Second, I’m guessing that the French foreign minister has a different view of merely BOMBING another country into submission. Or invading, if the French are doing the invading. Maybe Putin should reclassify the actions in Ukraine as a “redeployment”!

Equally funny was the following from Chuck Hagel, US SecDef, in testimony before the Senate today:

“It is a time for all of us to stand with the Ukrainian people in support of their territorial integrity and sovereignty, and their right to have a government that fulfills the aspirations of its people.”

Yes, like the way we supported territorial integrity for Serbia in 2008 and for Sudan in 2011!

Christ Almighty, these guys aren’t even very good at lying. And the hypocrisy is thick enough to choke on from down here in Florida. If Larry Flint came out as a born-again Christian while continuing to publish Hustler it would be far less hypocritical than the words coming out of the mouths of our own hideous leaders.

... March 5, 2014 at 2:14 pm

And for the record, laughing and choking at the same time is extremely uncomfortable.

Cstanley March 5, 2014 at 2:56 pm

I get the impression that Merkel and other EU leaders (and probably US) thought that Putin was more “modern” than he really is (ie, more in line with their own thinking.) Sure, they knew he had his own interests, but I think they are just realizing that his interests aren’t strictly economic, but ideological.

PD Shaw March 5, 2014 at 3:19 pm

Elipses, I don’t think its as bad as all that. The French were invited by the Mali government to help suppress a terrorist movement. That’s not considered an invasion or violation of the UN Charter.

The most hypocritical person in this story is Putin, because he personally made the full-throated case against humanitarian intervention in the New York Times last September in response to Obama’s intention to intervene in Syria. How about this line:

“The world reacts by asking: if you cannot count on international law, then you must find other ways to ensure your security. Thus a growing number of countries seek to acquire weapons of mass destruction. This is logical: if you have the bomb, no one will touch you. We are left with talk of the need to strengthen nonproliferation, when in reality this is being eroded.”

I read that editorial and think he is a bit crazy, even given most leaders are to some degree sociopaths. States don’t always act consistently over time, but people usually do.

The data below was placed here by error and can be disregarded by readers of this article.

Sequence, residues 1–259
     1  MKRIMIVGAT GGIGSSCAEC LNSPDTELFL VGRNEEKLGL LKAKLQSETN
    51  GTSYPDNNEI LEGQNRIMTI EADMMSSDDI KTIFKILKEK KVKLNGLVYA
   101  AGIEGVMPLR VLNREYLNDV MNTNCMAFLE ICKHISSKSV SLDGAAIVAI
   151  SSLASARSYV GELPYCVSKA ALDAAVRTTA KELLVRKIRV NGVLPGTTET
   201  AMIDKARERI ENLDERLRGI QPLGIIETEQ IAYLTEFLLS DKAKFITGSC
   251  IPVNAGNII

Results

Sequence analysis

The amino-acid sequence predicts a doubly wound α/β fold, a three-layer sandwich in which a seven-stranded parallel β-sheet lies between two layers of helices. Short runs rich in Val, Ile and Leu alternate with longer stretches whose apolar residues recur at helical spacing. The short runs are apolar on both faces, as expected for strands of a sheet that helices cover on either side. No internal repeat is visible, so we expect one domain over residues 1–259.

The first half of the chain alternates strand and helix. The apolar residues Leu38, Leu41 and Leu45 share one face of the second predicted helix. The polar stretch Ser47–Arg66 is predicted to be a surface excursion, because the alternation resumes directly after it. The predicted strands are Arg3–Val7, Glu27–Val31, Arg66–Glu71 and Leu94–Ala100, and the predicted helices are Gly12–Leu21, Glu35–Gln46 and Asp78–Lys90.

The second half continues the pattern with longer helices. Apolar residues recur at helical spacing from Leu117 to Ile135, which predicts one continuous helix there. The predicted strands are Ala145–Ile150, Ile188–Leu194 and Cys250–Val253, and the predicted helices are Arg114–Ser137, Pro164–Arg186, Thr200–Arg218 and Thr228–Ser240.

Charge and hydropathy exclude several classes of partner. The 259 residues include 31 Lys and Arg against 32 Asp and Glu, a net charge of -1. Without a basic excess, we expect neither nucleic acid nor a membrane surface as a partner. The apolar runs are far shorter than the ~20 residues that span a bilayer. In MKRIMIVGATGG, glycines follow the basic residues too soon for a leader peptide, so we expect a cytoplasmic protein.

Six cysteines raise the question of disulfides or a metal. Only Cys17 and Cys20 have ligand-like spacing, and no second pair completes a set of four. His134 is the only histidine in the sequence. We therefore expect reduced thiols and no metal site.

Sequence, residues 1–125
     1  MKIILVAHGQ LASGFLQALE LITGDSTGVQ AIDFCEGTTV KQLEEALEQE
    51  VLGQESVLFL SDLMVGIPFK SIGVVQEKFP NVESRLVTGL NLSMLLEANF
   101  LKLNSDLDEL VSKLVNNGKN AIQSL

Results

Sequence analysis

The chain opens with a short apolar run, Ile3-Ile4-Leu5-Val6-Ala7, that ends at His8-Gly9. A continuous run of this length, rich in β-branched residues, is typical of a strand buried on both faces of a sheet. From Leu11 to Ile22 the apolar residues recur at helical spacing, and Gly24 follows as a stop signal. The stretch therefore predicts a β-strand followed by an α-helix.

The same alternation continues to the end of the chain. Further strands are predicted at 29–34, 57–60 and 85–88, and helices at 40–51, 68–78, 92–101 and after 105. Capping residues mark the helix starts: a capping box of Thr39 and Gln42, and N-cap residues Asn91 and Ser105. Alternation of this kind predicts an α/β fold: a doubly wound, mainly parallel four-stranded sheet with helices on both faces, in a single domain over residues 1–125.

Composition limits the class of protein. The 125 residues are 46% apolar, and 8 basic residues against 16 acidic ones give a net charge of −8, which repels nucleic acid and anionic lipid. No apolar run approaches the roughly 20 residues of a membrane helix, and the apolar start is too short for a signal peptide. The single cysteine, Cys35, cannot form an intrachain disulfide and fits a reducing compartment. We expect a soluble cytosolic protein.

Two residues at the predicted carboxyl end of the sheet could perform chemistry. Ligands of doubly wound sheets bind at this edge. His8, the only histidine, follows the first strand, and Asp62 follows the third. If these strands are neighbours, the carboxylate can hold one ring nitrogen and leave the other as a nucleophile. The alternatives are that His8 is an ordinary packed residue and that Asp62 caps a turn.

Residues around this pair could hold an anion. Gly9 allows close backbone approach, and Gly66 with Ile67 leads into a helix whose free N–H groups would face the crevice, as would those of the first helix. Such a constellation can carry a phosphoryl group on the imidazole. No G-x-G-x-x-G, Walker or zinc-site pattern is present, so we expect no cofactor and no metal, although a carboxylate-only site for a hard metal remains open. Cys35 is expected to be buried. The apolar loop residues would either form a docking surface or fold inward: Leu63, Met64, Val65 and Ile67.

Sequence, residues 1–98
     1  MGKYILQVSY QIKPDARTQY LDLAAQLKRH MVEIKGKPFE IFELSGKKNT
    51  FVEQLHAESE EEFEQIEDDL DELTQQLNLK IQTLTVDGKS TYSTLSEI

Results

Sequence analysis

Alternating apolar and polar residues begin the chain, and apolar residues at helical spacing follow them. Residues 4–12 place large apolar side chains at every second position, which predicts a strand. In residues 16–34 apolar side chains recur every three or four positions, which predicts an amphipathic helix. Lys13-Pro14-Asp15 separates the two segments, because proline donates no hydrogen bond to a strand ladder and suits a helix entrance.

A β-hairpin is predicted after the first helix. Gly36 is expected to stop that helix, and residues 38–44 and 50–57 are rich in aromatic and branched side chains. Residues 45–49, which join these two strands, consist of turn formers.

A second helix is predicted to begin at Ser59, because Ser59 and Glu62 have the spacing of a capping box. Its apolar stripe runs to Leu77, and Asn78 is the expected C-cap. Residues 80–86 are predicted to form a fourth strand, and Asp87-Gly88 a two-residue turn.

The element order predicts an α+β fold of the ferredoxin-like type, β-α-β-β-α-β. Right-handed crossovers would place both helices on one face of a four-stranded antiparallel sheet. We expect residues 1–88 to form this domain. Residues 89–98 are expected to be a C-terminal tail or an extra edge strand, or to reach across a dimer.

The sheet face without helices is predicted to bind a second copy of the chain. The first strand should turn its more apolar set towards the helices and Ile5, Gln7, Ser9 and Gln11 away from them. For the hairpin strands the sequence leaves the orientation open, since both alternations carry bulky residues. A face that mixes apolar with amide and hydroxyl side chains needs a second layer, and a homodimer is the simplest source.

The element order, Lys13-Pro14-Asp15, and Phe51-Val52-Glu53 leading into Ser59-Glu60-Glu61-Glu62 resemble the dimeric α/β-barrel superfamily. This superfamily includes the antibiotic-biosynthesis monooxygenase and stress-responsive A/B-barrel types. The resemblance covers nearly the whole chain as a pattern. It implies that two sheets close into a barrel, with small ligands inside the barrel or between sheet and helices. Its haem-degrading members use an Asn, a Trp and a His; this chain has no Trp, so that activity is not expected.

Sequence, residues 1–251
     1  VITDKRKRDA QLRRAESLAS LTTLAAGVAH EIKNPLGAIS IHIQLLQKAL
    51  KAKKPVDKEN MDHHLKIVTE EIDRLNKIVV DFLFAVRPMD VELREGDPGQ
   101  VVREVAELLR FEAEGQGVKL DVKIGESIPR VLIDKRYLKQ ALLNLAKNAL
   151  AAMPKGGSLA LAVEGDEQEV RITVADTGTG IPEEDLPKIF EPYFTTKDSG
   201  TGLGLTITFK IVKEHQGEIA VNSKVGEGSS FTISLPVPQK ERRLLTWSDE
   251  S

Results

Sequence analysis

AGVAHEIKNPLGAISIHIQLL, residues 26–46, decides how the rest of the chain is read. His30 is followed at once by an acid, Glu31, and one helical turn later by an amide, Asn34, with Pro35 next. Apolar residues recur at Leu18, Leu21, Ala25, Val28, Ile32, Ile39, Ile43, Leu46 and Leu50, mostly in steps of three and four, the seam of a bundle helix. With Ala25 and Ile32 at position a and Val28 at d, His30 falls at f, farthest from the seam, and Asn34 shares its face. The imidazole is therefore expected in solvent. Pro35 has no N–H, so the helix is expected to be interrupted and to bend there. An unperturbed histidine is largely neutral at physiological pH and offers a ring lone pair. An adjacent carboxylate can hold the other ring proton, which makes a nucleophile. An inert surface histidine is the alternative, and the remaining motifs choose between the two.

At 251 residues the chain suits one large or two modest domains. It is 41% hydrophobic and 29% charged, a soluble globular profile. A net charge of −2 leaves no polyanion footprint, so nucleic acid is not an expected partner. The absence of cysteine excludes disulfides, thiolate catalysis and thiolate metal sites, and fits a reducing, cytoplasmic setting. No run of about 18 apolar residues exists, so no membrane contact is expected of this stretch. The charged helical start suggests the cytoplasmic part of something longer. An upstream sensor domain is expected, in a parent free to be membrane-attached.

... March 5, 2014 at 3:22 pm

I don’t see where anything Putin has done has been particularly ideological. Everything he done is what any Russian ruler since, roughly, Peter the Great, would have done, whether it be a Tsar, a General Secretary of the Communist Party, a modern President of Russia, or what have you. If you made me President of Russia I’d have probably done the same thing. They’ve got INTERESTS down there in the Black Sea, and that is irrespective of any other passing fancy of any given regime. Kerensky would have probably done the same thing given the opportunity and freedom from other needs.

... March 5, 2014 at 5:27 pm

PD, the French wouldn’t have been in Mali if they hadn’t first convinced us to fuck up Libya. France has also been involved in other actions in Africa in recent years, I believe in Chad.

But in Mali, if they’re fighting for the status quo, then they were doing what the Russians did. It’s just that the deposed President didn’t ask for Russian intervention soon enough.

The only thing that bothers me about this is that our leaders look like such buffoons, and probably are such buffoons. They really seem to think their shit doesn’t stink, when all the evidence is contrary to that. How many countries has the US been involved in the overthrow of a government in the last few years? How many has Russia been involved in? Looking at the numbers, we look like the worst of the two actors.

TastyBits March 5, 2014 at 6:15 pm

@Icepick

One thing about the French is that they never give a shit about what they do. They do whatever they want, and then, they forget about it. They will make up any dumb-ass excuse, and nobody ever questions it.

Having seen the French Foreign Legion in action, they are not trying to win hearts and minds. Never get within a rifle butt swing of them.

Leave a Comment

Previous post:

Next post: